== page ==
“In light of the Saudi Arabian religious establishment’s intolerant views of Ibadi Muslims, most in Oman believe that maintaining political, economic, social, and religious independence from Riyadh is an important foreign policy priority,” he said. “Oman’s government has viewed closer ties with Iran as a means to achieve this objective.”
Under Sultan Qaboos’s leadership, Oman also mediated and oversaw talks between the warring sides of Yemen’s ongoing war. In November 2019, Saudi Arabia and Houthi rebels held indirect, behind-the-scenes talks in a bid to end the devastating five-year war in Yemen.
The rapprochement could pave the way for more high-profile negotiations in the near future, a Houthi official had said.
When fellow GCC nations broke ties with Qatar in 2017, sparking a diplomatic crisis, Oman opted out and avoided the fray instead of following suit with Saudi Arabia, the United Arab Emirates, Bahrain, and Egypt – who imposed a land, sea and air blockade on Qatar.
Resistance to Sultan Qaboos’s reign was not immune during the popular Arab uprisings of 2011 when hundreds began protesting at a roundabout in Oman’s Sohar province demanding salary increases and an end to government corruption.
The three-month uprising prompted Sultan Qaboos to reshuffle his government and expand the consultative assembly to ease the unrest.
“The government’s proactive reaction to the people’s demands in 2011 allowed for a much more peaceful uprising in Oman compared to other countries in the Arab world,” said Haribi.
In December 2012, Omanis were allowed to vote in their first municipal elections when 192 were elected from among 1,475 candidates.
“Because of his swift response in allowing for democratic changes, we did not see a repeat of protests and demands from the people. Omanis were appreciative of the efforts put forth in building state institutions post-2011,” Haribi added.
In an unexpected move, Sultan Qaboos extended an invitation to Israeli Prime Minister Benjamin Netanyahu in 2018. Marking what was the first visit by an Israeli leader to the sultanate in over two decades, Netanyahu’s office said in a statement the visit in October 2018 followed “lengthy contacts between the two countries”.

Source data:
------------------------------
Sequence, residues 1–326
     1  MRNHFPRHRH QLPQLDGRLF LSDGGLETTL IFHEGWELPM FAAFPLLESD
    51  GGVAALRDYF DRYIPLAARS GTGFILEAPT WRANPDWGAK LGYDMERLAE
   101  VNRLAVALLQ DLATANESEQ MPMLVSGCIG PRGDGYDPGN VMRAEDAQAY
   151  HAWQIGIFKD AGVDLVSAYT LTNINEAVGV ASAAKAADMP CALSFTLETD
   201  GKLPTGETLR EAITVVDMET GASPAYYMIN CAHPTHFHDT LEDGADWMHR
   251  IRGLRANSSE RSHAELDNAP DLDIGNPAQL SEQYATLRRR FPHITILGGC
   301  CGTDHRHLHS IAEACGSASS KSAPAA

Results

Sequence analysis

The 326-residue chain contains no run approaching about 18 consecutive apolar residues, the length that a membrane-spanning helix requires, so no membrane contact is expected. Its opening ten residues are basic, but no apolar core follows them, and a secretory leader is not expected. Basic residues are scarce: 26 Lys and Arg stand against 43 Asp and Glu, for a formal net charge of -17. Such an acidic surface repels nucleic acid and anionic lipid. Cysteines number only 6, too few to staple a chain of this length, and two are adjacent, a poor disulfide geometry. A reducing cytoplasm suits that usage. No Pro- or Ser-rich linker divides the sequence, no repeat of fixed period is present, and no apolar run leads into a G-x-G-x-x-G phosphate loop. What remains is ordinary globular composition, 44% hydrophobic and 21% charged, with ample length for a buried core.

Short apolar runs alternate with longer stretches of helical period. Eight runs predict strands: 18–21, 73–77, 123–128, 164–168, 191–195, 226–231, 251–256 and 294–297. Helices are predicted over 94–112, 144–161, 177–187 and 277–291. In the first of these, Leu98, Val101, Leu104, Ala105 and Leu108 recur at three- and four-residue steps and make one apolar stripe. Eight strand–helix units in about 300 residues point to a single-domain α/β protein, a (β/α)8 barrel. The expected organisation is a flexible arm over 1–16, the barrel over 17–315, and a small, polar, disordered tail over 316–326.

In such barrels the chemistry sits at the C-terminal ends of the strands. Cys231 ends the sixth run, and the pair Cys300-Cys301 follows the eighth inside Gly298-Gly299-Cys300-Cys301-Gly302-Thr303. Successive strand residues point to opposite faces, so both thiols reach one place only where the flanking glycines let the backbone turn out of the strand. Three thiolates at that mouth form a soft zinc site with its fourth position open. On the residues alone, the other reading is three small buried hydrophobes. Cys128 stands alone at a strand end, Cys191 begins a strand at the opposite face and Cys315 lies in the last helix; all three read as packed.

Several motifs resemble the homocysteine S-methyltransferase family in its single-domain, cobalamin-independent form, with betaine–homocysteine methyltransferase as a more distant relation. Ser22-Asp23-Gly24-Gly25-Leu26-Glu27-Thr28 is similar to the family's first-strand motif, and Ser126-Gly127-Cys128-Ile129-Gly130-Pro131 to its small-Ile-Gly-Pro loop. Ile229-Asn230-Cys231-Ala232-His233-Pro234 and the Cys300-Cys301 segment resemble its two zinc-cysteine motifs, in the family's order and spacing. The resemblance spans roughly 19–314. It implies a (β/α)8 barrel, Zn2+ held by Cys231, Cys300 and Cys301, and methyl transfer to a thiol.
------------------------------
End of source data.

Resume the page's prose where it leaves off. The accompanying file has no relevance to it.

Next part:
His office added that it formed part of a policy of “deepening relations with the states of the region”.
A joint statement said the two sides “discussed ways to advance the Middle East peace process” and “a number of issues of mutual interest to achieve peace and stability in the Middle East”.
A day after Netanyahu’s visit, Oman described Israel as a “state” in the Middle East, drawing criticism from Palestinian officials.
It was not long after that an Israeli minister visited Oman to attend an international transport conference, which saw him pitch a railway project that aims to link the Gulf to the Mediterranean via Israel, according to media reports.
However, Sultan Qaboos’s human rights record has been condemned in recent years when scores of activists were convicted of defamation or of using social media networks to insult the sultan.
Others have been convicted of, or are facing trial for, taking part in demonstrations calling for political reform.
Among the biggest challenges Oman’s next ruler will face is that of weaning the sultanate of its dependency on oil revenues, which account for as much as 75 percent of the government budget.
“The main focus right now is to continue building human capital through education, civil society and the building of state institutions,” said Haribi.
“It’s not panic time yet. While we’re running out of natural resources, we have to wait and see how the coming few years in the post-Sultan Qaboos era will look like for everyday Omanis,” Haribi added.
Despite Oman’s presence in the media throughout 2018, Sultan Qaboos spent much of the past year out of sight.
In early December, he was taken to Belgium for a medical checkup, according to a royal court statement.